The Sony WH-CH510 Wireless and the Beats EP are both mediocre on-ear headphones. The Beats are a bit more comfortable, feel better built, and have better controls, but are wired, unlike the Sony that are only Bluetooth. The Sony are much more consistent every time you put them on, but as long as you find a proper fit, the Beats have a more accurate treble range.
The Beats Solo3 Wireless are slightly better headphones than the Sony WH-CH510 Wireless. The Beats are more comfortable, feel much better-built, are much more stable, and have an even longer battery that charges significantly cheaper. While the Beats have a more bass-heavy sound profile, the bass range of the Sony are a bit more accurate. As a result, the Sony likely represent better value for most people.
The Sony WH-CH510 Wireless and the JBL T450BT Wireless are both mediocre on-ear Bluetooth headphones. The JBL feel quite a bit more stable on the head, leak less audio, and have much lower latency on Android. On the other hand, while their sound profiles are very similar, the Sony are a bit more accurate and less boomy sounding. The Sony also have a significantly longer continuous battery life.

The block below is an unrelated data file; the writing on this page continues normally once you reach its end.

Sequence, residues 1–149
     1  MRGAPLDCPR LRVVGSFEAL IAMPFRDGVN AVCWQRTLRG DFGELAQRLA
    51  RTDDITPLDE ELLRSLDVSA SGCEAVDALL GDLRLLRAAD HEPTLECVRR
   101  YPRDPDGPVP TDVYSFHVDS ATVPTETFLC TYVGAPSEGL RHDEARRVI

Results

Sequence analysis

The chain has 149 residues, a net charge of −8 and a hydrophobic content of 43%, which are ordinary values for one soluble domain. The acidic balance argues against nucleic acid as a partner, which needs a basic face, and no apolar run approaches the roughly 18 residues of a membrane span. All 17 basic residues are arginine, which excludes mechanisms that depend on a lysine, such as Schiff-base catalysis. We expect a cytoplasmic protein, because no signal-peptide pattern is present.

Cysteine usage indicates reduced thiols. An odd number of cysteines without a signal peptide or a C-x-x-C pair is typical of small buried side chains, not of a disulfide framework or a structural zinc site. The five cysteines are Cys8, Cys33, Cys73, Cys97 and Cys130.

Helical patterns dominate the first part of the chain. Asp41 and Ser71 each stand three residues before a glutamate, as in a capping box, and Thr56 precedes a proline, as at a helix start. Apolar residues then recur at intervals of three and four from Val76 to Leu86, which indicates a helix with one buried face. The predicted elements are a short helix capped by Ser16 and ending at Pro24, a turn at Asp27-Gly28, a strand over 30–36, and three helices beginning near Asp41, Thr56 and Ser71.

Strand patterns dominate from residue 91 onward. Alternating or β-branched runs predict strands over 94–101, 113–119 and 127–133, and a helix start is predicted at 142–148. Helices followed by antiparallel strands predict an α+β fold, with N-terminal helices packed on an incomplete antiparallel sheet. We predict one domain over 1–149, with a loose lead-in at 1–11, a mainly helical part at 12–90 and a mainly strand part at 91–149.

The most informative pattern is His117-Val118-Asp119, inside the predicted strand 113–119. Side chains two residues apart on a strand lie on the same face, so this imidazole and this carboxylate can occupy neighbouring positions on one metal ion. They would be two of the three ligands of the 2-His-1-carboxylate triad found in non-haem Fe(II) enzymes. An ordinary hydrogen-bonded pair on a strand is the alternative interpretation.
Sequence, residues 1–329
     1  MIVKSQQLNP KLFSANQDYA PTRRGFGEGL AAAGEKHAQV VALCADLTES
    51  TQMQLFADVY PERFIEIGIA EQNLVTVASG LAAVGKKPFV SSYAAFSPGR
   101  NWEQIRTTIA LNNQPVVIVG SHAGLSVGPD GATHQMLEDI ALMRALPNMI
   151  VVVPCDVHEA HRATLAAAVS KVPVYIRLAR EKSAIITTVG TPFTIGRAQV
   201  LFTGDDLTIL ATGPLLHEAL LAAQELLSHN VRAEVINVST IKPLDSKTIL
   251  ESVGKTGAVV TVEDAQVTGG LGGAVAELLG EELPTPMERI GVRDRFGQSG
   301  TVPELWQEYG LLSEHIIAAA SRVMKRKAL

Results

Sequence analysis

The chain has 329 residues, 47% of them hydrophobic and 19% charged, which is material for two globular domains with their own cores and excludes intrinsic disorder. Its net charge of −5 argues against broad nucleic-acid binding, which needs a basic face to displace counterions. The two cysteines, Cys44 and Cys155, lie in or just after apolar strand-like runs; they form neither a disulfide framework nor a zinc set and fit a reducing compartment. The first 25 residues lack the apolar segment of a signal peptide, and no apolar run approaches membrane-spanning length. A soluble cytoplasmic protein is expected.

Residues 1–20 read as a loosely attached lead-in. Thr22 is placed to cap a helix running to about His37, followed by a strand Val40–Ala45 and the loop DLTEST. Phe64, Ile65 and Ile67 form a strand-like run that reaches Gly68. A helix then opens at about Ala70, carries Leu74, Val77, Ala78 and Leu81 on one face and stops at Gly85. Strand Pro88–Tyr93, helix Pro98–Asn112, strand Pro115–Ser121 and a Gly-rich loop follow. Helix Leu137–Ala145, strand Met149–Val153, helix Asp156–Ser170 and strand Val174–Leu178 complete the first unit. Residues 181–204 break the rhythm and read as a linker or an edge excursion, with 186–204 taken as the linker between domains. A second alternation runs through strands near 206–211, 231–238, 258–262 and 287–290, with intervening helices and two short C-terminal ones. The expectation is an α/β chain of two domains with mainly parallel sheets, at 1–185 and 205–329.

The Sony WH-1000XM3 Wireless are much better Bluetooth headphones than the Sony WH-CH510 Wireless. The WH-1000XM3 have a much more comfortable over-ear design, have better controls, and feel much more premium and better built. The sound profile of the WH-1000XM3 is also better-balanced, and they block way more background noise thanks to their excellent ANC performance. On the other hand, the WH-CH510 have a longer battery life.
The Sony WHCH510 are fairly cheaply made so they don't have nearly as much padding as some other options. Their ear cups are reasonably padded, but the headband is entirely hard plastic with no cushioning at all. Due to their on-ear design, the ear cups sit on the ear, which may not be the most comfortable for everyone. Luckily the headphones shouldn't fit too tight unless you have a very large head.
The control scheme of the WH-CH510 is decent. It's easy to use, and the headphones play a sound when skipping tracks or when you reach min. or max. volume.
The Sony WH-CH510 don't come with any kind of case.
The build quality of these headphones is passable. While they don't feel like they'll break too easily, they're made of noticeably cheap materials overall. The headband extenders feel quite thin, and may snap under moderate stress. While they should be able to handle some accidental drops or bumps, they likely aren't the best choice for someone who's hard on their headphones.